Tompkins Cortland Community College will work with greater Cortland area businesses to train workers, while giving them credits toward a college degree in a new work force development program that begins in the coming academic year.
“When the students are completing this program, they will find the jobs that will hire students,” said Bill Talbot, vice president of finance and administration for the college. “Together, we can provide the training and the businesses can help provide the introduction (to work).”
The college is looking to transform its current BIZ program toward a broader, community-based program. The new incarnation will identify job market trends and design programs so students are better prepared for the coming jobs, the college reports
“We expect that our investments in workforce development will attract and retain our career-seeking enrollments,” Talbot said. Although semester enrollments have decreased since the start of COVID-19 pandemic, the college expects more than 500 students enrolled in its career-seeking programs.
“The number of students that are actually coming into the programs is starting to rise,” Talbot said.
The Cortland County Legislature voted Thursday, 13-1, to fund one-third the cost of the first year of the program — up to $75,000 of the $200,000 total. Linda Jones (U-Homer), voted no, and legislators George Wagner (R-Lapeer, Marathon), Kelly Preston (U-Homer) and Ron VanDee (D-Cortland) were absent.
Tompkins County will pay for the remaining two-thirds. The proposed budget would spend $1.4 million over three years, but grants would fund about half the cost. By the third year, the students will pay tuition and the program will become self-sustaining, Talbot said.
As enrollment applications are reviewed, the next step is forming partnerships with local businesses like Cortland Biomedical in Cortlandville, which is looking to expand its Lime Hollow Road operations and hire more people with textile experience for its direct labor positions.
The business produces medical textiles components for face masks and devices like catheters.
The company targets recruiting efforts in Southern states for positions in the knitting and woven components, said Eric Brown, the director of operations at Cortland Biomedical. He hopes that will change.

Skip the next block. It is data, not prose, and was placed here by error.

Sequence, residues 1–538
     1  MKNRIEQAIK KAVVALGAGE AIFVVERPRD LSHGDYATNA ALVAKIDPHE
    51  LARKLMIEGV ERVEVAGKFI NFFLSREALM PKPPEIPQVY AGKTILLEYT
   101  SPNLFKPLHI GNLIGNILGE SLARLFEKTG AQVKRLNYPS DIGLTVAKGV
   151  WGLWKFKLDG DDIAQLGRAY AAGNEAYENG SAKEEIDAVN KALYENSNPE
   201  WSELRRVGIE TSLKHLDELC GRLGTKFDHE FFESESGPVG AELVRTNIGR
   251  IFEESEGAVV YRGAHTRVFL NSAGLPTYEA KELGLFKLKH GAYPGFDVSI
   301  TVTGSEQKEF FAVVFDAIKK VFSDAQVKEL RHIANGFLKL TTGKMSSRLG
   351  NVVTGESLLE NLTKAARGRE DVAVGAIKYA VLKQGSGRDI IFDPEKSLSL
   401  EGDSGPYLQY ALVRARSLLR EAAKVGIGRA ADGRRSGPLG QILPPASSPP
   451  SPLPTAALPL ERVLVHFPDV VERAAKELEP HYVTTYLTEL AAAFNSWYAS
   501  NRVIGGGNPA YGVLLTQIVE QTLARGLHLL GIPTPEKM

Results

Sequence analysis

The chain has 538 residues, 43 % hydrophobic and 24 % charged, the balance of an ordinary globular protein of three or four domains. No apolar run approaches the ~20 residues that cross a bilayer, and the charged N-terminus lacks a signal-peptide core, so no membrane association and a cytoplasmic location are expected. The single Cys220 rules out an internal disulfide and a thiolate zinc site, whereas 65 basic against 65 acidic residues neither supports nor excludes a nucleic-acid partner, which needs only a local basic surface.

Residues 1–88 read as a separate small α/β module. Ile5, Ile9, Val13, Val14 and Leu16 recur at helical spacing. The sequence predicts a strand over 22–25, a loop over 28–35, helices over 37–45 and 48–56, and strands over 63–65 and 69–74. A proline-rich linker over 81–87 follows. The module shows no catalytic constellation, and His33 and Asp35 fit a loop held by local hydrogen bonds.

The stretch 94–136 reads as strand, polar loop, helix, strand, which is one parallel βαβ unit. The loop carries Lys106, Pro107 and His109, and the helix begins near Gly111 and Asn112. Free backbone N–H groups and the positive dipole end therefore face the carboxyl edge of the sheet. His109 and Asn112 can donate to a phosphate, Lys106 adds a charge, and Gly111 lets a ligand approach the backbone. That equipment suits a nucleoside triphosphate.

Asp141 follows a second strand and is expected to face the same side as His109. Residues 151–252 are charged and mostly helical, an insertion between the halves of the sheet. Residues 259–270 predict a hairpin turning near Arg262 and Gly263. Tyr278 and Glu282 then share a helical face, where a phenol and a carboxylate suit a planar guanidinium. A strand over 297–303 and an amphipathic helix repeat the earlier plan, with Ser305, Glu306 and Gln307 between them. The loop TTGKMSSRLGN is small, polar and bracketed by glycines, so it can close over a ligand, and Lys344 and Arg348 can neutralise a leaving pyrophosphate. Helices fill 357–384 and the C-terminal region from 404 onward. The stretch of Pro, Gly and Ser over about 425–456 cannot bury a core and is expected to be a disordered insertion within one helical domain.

“Over time, we’re realizing that it’s even tougher to recruit from some of those Southern locations,” Brown said. “We have people that are already living in the Cortland community, and for them to be able to learn these skills central to the area, that certainly helps with retention.”
“It’s not just that it’s a pilot program, it’s also if you build it around a micro-credential, it does not require the two-, three-year review period from SUNY to approve the program,” Talbot said. Using micro-credentials, the program does not need approval from the SUNY system. “We have the flexibility to build a program that is very customized.”
“I would love to see some short term skilled trades options — something less than one year, perhaps offering a certificate and combining it with their micro-credential programs,” said Amy Buggs, director of the Cayuga-Cortland Workforce Development Board.
The program’s health care class, an additional registered nurses course, already has a waiting list, Buggs said, and the advanced manufacturing course offers the skills that many employers seek.
Students in the program will earn credits that can go toward an associate’s degree if they choose to continue their education.
“This is, I believe, working in our favor to retain our young people in this county in the long run,” Wagner said after Talbot’s presentation during the Legislature’s Finance and Administration Committee meeting on July 13.
“We would love to partner with our local colleges to even help develop programs to find potential job opportunities as they become available within our business,” Brown said.